CP_MountainLab
CP_MountainLab
CP_MountainLab
Now we’re talking. Not too cluttered, yet totally workable as an interesting ‘meeting’ or ‘planning’ room for this conversation to be in. I’m actually torn between one of these areas in this map, versus the following…

Meet The Heavy set
MTT_Heavy
Given the subject of the conversation, and there’s just enough light that I could add a few simple key lights for readability. There’s some great props as well that I can further ‘hem’ the stage in (including a great chalkboard covered in strange designs), the only “negative” about this stage is that it could be too recognizable with anyone that’s seen Valve’s “Meet the…” TF2 shorts. Looking at the “Meet the Heavy” short, I’m likely over-thinking this too much.
When I make my choice final, then I will begin the step of placing the props and rough staging of the characters & camera. I’ll go as far as to add the audio and time the camera shots, with any necessary splicing of the audio to add just a tiny bit of breathing room. (A lot of western comedy movies tend to be very static in cinematography, as well as break-neck in their pacing – too few directors will experiment with camera angles like one of my favorites, Edgar Wright.)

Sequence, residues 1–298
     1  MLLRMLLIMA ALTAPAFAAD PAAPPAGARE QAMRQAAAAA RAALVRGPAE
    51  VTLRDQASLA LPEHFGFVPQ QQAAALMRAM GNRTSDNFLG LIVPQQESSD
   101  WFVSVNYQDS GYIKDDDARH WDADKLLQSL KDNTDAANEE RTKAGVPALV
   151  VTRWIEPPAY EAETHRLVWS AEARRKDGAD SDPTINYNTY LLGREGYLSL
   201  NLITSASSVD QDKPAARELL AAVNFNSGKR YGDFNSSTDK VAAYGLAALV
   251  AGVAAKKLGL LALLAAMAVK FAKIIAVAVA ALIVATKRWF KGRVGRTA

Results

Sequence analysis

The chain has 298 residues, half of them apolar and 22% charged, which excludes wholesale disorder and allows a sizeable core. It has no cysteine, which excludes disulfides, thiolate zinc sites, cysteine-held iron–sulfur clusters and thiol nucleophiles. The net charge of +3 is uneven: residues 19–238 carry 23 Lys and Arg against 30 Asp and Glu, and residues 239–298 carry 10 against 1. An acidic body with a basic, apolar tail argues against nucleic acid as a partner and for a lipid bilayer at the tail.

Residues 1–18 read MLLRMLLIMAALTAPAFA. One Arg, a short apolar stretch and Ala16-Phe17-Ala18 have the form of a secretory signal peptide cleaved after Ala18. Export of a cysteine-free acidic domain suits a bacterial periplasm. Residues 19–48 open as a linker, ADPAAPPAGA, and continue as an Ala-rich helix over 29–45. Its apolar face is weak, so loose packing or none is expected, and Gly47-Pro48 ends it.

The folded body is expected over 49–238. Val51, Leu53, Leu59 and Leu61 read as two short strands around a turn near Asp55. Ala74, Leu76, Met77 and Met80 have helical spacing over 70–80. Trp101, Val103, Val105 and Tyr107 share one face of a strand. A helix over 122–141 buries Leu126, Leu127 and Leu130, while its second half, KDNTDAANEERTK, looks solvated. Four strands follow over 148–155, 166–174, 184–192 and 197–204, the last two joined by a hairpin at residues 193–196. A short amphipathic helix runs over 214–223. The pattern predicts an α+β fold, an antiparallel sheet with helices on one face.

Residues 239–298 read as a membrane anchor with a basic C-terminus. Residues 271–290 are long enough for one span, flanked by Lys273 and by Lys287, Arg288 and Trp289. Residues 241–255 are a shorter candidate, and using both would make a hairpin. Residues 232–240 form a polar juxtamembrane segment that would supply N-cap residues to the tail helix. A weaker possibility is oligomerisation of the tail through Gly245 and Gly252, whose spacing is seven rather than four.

Stay Tuned! Though it may be quite a while before the next update…

Link: A close look at BAD ACTING and GOOD ACTING

A short post from me, it’s been crazy busy at work, and I rarely get much coherency for my own work these days. Anyways!

A very well put-together post by Daniel Gonzales, on the subject of acting in film, which has a huge amount of reference & study material for animators.
A close look at BAD ACTING and GOOD ACTING

Tons of video examples of each of the points, along with the theory on why it works so well (or why it goes so badly) – even if you’re not an animator yourself, anyone that appreciates film would enjoy this blog post.

Speaking of animation, I am very very slowly working my way towards my next animation project – I want to focus on character acting with dialogue to better sharpen my skillset. I’ll document more of my process, as per request by some of you out there, and keep y’all posted.

Learning from Film: The Art of Editing in The Good, The Bad, and the Ugly

Came across this a while back, and I finally got around to making a proper post to share this excellent breakdown of the composition, editing and cohesive storytelling that is present in one of my favorite influential films – Sergio Leone’s The Good, The Bad, and the Ugly

That score from the composer Ennio Morricone, “The Ecstasy of Gold” (Italian: L’Estasi dell’Oro), during the frantic search of the cemetery… Absolutely haunting.

The Art of Editing in The Good, the Bad, and the Ugly from Max Tohline on Vimeo.